Writer's Block Question

Janny Wurts Chat Area: Author's Corner: Writer's Block Question
   By Cheryl on Thursday, April 07, 2005 - 09:20 am: Edit Post

Did you ever get writer's block when you first started out Janny and other writers here? I think I'm stuck in a place. I see it happening but don't seem to have the knowledge to write it out properly. I think I need a little bit more research to get it right. I'm just going to try to get through it to get to the major part. I just wondered if getting stumped on something happens to the best authors like you? thanks so much


   By Janny Wurts on Thursday, April 07, 2005 - 11:32 am: Edit Post

I put everything I know about writer's block and lack of new inspiration into one of the interviews you can find under the Bulletins heading - check out there, and follow the suggestions.

Of course, others may poster alternative ideas, here - please make sure they aren't repeats, first.


   By Cheryl on Thursday, April 07, 2005 - 02:03 pm: Edit Post

Thanks, I have the chat talk in my favorites and I forget to go to the website to enjoy it. I'll go there. Thanks again. Could use the advice. Thanks


   By Cheryl on Thursday, April 07, 2005 - 04:17 pm: Edit Post

I read some of the interviews. It was very enlightening and I can't believe I didn't know to go there before. Sometimes bookmarking things isn't all that good but thanks Janny and I think I'm on the right course, just need to stick with it. Sounds like I am doing most of it right. It is like a jigsaw puzzle you have to put together but it is fun for the most part. Thanks for directing me to the bulletins area. I never even went there before and I've been here for years. lol


   By Konran on Thursday, April 07, 2005 - 11:40 pm: Edit Post

I had horrid, horrid writer's block when I was doing NaNoWriMo. XP About Week 2, I hit the Wall, which is when most everybody does. My problem with stories is that I usually have the beginning in mind, and I know how it ends, but I don't know how to get the characters there. With NaNo, you have a deadline and a wordcount quota, so I HAD to keep going... so I just dragged things out... I did a lot of description, lol, and I wasted a few pages on the search for pants, which in turn led to an overheard conversation, which in its turn led to an internal monologue, and filled up some space nicely... really if you just start rambling on about nothing, it can lead to some other good things you didn't know were in there, and you can always cut out the unimportant stuff later lol. One person on the NaNo boards spent an entire chapter on the making and eating of a sandwich... as long as you're writing, just keep telling yourself you're making progress, and let the characters run with it. ;) That's what I do.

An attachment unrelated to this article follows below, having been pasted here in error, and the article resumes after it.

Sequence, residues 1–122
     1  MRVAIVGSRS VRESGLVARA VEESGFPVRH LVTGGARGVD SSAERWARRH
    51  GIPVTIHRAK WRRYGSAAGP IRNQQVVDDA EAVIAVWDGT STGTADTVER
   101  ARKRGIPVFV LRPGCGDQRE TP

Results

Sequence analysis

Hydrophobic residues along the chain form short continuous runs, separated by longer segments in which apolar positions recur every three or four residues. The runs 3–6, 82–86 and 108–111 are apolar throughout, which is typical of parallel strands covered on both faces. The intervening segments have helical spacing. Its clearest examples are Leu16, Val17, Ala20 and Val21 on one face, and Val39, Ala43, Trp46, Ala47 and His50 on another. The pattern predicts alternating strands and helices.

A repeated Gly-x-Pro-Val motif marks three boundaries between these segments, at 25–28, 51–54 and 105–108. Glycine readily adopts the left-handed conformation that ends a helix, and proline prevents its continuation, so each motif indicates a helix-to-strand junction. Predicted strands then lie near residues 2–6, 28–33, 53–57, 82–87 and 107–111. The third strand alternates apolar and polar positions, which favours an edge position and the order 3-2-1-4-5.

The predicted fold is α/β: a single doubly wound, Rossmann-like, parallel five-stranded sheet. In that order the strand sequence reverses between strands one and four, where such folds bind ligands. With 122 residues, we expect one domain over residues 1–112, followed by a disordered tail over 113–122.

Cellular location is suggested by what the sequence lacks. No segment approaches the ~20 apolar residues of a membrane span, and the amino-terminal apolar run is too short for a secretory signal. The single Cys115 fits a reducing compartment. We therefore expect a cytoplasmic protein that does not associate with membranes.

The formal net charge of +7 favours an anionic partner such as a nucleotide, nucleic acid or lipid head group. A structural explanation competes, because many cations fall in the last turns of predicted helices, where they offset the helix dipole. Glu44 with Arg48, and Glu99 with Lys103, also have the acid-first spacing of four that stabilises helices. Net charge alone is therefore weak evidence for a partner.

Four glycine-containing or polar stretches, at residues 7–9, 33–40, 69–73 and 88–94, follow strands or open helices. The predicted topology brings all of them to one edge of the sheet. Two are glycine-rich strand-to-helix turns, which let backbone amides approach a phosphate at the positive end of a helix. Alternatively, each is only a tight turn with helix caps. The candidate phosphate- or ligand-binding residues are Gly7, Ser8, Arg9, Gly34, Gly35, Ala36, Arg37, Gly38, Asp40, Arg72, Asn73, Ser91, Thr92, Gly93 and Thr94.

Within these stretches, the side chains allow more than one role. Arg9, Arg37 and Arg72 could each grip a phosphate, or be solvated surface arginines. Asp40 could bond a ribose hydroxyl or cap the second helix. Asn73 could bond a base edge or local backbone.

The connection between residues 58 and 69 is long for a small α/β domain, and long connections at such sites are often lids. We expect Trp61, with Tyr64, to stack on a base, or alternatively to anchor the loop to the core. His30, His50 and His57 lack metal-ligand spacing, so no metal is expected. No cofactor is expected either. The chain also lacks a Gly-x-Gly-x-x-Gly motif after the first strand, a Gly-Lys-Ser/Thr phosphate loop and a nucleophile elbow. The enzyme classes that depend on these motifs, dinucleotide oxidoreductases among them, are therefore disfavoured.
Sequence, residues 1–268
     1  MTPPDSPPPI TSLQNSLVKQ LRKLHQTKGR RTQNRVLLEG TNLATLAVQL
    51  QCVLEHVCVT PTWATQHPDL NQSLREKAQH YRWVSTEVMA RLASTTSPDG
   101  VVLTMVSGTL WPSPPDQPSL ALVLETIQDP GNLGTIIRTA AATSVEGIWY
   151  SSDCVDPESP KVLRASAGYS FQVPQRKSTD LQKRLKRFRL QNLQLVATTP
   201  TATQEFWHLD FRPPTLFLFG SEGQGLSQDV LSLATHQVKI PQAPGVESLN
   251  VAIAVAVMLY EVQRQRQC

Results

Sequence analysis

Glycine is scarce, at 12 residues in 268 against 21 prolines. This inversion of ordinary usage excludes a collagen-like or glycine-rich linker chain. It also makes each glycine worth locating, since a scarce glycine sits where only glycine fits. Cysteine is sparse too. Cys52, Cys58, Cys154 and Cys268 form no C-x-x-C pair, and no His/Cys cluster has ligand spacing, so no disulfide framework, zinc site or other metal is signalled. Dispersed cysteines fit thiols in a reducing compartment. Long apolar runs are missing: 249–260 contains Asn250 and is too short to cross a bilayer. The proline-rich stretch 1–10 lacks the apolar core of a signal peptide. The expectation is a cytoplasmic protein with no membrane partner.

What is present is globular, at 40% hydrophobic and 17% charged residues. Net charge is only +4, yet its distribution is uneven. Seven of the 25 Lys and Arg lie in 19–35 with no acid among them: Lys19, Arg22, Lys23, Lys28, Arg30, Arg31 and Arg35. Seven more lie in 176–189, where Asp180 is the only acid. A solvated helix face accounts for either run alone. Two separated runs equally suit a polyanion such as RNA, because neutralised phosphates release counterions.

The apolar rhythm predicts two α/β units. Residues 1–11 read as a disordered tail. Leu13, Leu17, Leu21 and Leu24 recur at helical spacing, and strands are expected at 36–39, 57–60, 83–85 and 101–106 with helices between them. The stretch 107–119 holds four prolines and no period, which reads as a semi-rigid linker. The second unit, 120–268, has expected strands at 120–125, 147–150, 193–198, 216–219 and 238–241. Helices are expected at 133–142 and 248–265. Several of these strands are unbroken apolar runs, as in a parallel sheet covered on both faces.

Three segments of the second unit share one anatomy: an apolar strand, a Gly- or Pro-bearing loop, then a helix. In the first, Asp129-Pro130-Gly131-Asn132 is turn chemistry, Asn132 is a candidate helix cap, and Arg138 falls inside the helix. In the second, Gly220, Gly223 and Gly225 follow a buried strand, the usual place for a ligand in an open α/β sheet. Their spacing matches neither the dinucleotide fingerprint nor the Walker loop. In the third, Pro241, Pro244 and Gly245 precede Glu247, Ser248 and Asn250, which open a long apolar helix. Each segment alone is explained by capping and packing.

By Cheryl on Friday, April 08, 2005 - 07:06 am: Edit Post

Thanks Konran, I think my trouble is with having them travel. I think I've found my way out of trouble though and I'm anxious to get it down now. I was really stumped on how to have them gather the provisions and meet to go on this rescue mission. Such a simple thing and it was the hardest, to get them on that journey. I thought how much detail should I go into. I spent weeks worrying about it. Now I think I know what to try at least. I don't know how much description you need to get into on horses or their supplies they will carry. It just had me stumped. Yeah that is the main worry, keeping the story flowing and always getting deeper and deeper into it and not too much detail unless it's for practice. Thanks for sharing that Konran. That is good to just write for practice on anything, I will try that too.


   By Janny Wurts on Friday, April 08, 2005 - 10:38 am: Edit Post

Rule of thumb: if the gathering of provisions has bearing on the STORY go into it. If it's just a minor detail - flash over it in a line... you only want to show scenes that have the meat in them - the ones that advance your story or your characters during significant moments.

If you are writing in "detail" that has no meat, it's a good reason a story might founder.

To "flash over" an insignificant detail, you'd just do that "they provisioned for a ten day journey through the wilds, and left at dawn for the east" or somesuch - and if the journey isn't significant, and no plot moving events happen, you'd flash past that one too - "On the eleventh day, when they reached -- wherever "

Dwight Swain's book is an excellent reference for knowing what scenes to show, and which not.


   By Cheryl on Friday, April 08, 2005 - 08:35 pm: Edit Post

I've read some of Dwight Swain's book and use it for references. I'll go find that chapter. Thanks for that help Janny. That is very helpful. The preparation isn't a big deal it's when they get there that I need to get to.


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